Protest demonstrations broke out all over East Germany in September 1989. Initially, protesters were mostly people wanting to leave to the West, chanting ("We want out!"). Then protestors began to chant '', ("We're staying here!"). This was the start of what East Germans generally call the "Peaceful Revolution" of late 1989. The protest demonstrations grew considerably by early November. The movement neared its height on 4 November when half a million people gathered at the Alexanderplatz demonstration, a rally for change in East Berlin's large public square and transportation hub. (Henslin, 07)

Meanwhile, the wave of refugees leaving East Germany for the West had increased and had found its way through Hungary via Czechoslovakia (or via the West German Embassy in Prague), tolerated by the new Krenz government and in agreement with the communist Czechoslovak government. To ease the complications, the politburo led by Krenz decided on 9 November to allow refugees to exit directly through crossing points between East Germany and West Germany, including West Berlin. On the same day, the ministerial administration modified the proposal to include private travel. The new regulations were to take effect the next day.

Günter Schabowski, the party boss in East Berlin and the spokesman for the SED Politburo, had the task of announcing this; however he had not been involved in the discussions about the new regulations and had not been fully updated. Shortly before a press conference on 9 November, he was handed a note announcing the changes, but given no further instructions on how to handle the information. These regulations had only been completed a few hours earlier and were to take effect the following day, so as to allow time to inform the border guards—however, nobody had informed Schabowski. He read the note out loud at the end of the conference. One of the reporters—by most accounts, NBC's Tom Brokaw--asked when the regulations would take effect. After a few seconds' hesitation, Schabowski assumed it would be the same day based on the wording of the note and replied, "As far as I know effective immediately, without delay". After further questions from journalists he confirmed that the regulations included the border crossings towards West Berlin, which he had not mentioned until then.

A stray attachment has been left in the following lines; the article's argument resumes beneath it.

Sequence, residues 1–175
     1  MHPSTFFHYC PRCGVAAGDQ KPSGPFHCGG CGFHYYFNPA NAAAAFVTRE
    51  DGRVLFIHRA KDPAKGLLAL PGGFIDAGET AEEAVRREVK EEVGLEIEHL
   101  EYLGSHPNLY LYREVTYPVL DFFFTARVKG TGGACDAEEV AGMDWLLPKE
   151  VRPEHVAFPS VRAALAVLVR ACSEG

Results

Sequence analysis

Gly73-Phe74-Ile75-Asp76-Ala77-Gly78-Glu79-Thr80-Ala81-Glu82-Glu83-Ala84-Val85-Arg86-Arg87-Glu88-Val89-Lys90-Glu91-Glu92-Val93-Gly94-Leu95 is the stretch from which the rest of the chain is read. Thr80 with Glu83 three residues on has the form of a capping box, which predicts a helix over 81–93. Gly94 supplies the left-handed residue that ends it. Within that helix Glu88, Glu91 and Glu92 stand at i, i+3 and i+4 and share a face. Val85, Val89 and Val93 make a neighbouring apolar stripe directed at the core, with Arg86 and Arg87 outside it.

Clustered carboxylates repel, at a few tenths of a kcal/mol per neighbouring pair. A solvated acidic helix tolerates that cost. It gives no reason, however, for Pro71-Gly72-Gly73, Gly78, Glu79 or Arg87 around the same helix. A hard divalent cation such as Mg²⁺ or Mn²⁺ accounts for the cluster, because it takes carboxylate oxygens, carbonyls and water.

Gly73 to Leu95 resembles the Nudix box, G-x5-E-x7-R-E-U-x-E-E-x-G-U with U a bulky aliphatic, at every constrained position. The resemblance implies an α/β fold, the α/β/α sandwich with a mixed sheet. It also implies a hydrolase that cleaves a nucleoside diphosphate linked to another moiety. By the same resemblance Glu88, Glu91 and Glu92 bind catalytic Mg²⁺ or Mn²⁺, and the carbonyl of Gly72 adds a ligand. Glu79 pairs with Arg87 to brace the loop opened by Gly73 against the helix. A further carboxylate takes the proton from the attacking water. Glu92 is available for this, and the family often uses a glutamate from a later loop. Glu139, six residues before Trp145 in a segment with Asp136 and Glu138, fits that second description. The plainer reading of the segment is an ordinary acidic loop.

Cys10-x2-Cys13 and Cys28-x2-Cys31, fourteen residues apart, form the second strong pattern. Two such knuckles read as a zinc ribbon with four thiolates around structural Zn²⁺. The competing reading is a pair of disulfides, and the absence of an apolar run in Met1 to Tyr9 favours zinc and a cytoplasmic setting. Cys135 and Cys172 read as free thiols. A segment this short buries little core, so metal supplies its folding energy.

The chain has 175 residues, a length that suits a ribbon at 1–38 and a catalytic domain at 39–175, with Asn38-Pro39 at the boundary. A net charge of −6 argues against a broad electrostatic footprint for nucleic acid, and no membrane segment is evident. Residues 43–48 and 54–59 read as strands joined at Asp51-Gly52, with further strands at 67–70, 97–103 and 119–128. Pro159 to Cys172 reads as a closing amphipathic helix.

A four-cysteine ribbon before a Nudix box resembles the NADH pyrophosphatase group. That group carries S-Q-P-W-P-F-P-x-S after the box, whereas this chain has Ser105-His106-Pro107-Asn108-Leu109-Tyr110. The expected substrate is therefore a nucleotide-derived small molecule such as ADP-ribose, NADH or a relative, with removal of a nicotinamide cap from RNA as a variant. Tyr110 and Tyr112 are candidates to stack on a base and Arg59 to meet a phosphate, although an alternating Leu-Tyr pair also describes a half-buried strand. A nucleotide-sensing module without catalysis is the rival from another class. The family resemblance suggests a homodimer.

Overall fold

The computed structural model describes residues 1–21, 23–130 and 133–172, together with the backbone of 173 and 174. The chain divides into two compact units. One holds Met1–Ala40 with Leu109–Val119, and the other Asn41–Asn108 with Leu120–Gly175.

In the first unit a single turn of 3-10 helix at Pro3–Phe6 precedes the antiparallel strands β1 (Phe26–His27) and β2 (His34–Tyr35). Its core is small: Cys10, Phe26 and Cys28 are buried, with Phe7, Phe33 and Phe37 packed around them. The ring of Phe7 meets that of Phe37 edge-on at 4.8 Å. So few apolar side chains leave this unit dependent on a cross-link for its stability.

Excerpts from Schabowski's press conference were the lead story on West Germany's two main news programs that night—at 7:17 PM on ZDF's heute and at 8 PM on ARD's Tagesschau; this of course meant that the news was broadcast to nearly all of East Germany as well. Later that night, on ARD's Tagesthemen, anchorman Hans Joachim Friedrichs proclaimed, "This is a historic day. East Germany has announced that, starting immediately, its borders are open to everyone. The GDR is opening its borders ... the gates in the Berlin Wall stand open." {{quote|"We do not want a united Germany. This would lead to a change to postwar borders and we cannot allow that because such a development would undermine the stability of the whole international situation and could endanger our security", Thatcher told Gorbachev.

Celebrations

On 25 December 1989, Leonard Bernstein gave a concert in Berlin celebrating the end of the Wall, including Beethoven's 9th symphony (Ode to Joy) with the word "Joy" changed to "Freedom" in the lyrics sung. The orchestra and choir were drawn from both East and West Germany, as well as the United Kingdom, France, the Soviet Union, and the United States.